Friday, 13 March 2009

It Cost How Much????

I keep reading about how cost effective coloured pencil art is. That may be true in comparison to other forms, but I must say it's still not a cheap way to express yourself. I had a neighbour comment on how it was a nice little past-time and another provide me with a suggested price for my work. He though $100 dollars would be fair. Here's a quick look at the cost of doing a coloured pencil drawing in case you should feel the desire to get into this form of art.

Starter kit of Prismacolor pencils (24 set): approx $33
If you want the whole set of 120 pencils you're going to pay up to $239 depending what you choose.
Open stock pencils (which I buy) $1.60 + tax per pencil. (prismacolor)
Other brands are generally a bit more. Some are over $2 and I frequently use Faber-Castell brand as well.
Stonehenge paper: $2.50 to $12 depending on the size of paper you want. Per sheet.
Electric eraser: $79 to start. $10 for the re-fill box of erasers
Electric sharpener (trust me....there is no other way!) $40ish You really do need a good one.
Kneeded erasers $1.39 (these last quite a while though)
White plastic eraser: $1.00

Don't forget to add the tax on all the above items!

Subject: Then there's the cost of the photography. A good digital camera is the cheapest way to go because you don't have to first develop the film to see your pictures. I generally take about 100 photos to start of a subject if I can. Walmart develops for approx. $0.19 a picture. If you want enlargements they are $2 to $3. I work from 8x10's so I can see the small details of a subject.

You need an art desk (drafting table) and stool: $100 to $300 depending what you want.

Lighting: $30 per lamp

Something to hold your pencils on.

Framing: Time to mortgage your home or sell your children;-) On average for a 20x26 portrait done professionally with a double matt you are looking at approx $230 to $300 more or less depending on the frame you choose. For a small drawing with an inexpensive frame and single matt I've paid $79 + tax.

So, since I don't actually need to purchase everything every time what is the actual cost?

The example I will use is the painting called "Looking for Her Prince." The young girl holding a frog.

This picture had a solid blue background. It took 5 layers of colour and 6 hours to get it that way. (The final layer is done using a method called "scumbling" which is very time consuming.) It took 2.5 pencils to do this section alone. I would have went through a couple of brown, and peach pencils as well. The rest would have used up approx. a quarter to 3/4 of other colours. I use about 30 to 50 different colours in one painting. (If I use grey....there are 18 different prismacolor grey shades.) In her hair alone I've used probably 15 different colours.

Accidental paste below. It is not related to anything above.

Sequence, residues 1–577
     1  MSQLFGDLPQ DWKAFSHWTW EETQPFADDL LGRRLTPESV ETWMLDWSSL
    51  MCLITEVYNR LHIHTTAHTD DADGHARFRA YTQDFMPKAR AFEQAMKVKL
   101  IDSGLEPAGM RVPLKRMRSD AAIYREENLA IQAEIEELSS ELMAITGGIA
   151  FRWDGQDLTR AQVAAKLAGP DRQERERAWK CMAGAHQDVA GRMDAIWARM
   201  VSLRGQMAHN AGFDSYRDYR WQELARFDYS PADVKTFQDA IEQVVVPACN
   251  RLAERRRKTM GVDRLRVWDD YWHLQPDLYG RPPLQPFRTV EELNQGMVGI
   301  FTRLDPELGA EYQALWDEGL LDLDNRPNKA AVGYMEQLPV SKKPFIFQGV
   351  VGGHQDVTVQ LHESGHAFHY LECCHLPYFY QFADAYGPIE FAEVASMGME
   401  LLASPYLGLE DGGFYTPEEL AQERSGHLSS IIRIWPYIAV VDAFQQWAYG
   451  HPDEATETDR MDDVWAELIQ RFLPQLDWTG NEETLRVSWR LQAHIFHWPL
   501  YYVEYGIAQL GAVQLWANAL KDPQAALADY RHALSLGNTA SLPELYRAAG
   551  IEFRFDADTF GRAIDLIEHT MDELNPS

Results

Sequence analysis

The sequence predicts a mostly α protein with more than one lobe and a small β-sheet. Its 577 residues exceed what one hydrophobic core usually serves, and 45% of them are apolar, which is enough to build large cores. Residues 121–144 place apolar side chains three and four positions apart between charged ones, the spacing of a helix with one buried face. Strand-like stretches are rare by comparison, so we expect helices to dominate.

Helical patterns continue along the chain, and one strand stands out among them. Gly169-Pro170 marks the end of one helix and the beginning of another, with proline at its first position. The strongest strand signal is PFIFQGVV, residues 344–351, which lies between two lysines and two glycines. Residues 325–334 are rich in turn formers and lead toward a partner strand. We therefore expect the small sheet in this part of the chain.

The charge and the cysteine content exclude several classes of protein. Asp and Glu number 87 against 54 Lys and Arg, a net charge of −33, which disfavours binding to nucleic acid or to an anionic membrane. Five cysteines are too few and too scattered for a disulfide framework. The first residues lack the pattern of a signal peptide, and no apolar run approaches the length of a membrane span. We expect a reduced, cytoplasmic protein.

You then have to look at the time factor. I've sped up of late, but even the fastest coloured pencil artist is still going to take 20 to 40 hours for a painting this size. The more detail the more time. What would you expect to get paid for a 40 hour work week? Would you work a whole week, full-time for $100 excluding the cost of supplies? Probably not.


bella rum said...

I find this post very interesting. People rarely appreciate the value of art or hand crafted items. With all the cost of supplies and your time factored in, you then have to factor in the talent.


If everybody could do it, it wouldn't be worth so much. It's very important for you to value your gift. And what a gift it is.

richgold said...

You must be kidding. You're running with the wrong crowd.

Serena said...

I so understand where you're coming from. It seems to me that it's mostly other artists who truly appreciate the time, effort, talent, and hard work that goes into creating an art piece.

My son works with Derwent Coloured Pencils....cheaper than Prismacolour but still expensive with a set of 72 costing around $140 AUS. When we were talking about him wanting a set for his birthday one year, my sister and her children (teenagers) were stunned when we spoke of the cost. They couldn't believe that coloured pencils could be that expensive and wondered why anyone would be silly enough to pay that much for them. Of course, they think along the lines of the cheap school line of pencils and have no understanding of the difference in quality.

A graphite drawing can take hours of work, be very detailed and look amazing and yet, some non-artists will see it as simply a pencil drawing on paper so not worth much.

Sometimes, I wonder if it's worth all the of course it is because art is my passion.

Perpetual Chocoholic said...

Hi Serena! I also find it funny when people ask me to draw something spectacular in about 5 or 10 minutes. They don't realize the planning, quality of supplies and measurements that take place before you create something. I had someone suggest I open a booth in a mall to do caricatures. I know he meant well, but that's not what I've studied to do and it would be something new to study that would take both time and money. You wouldn't ask a family doctor to do neurosurgery without further study.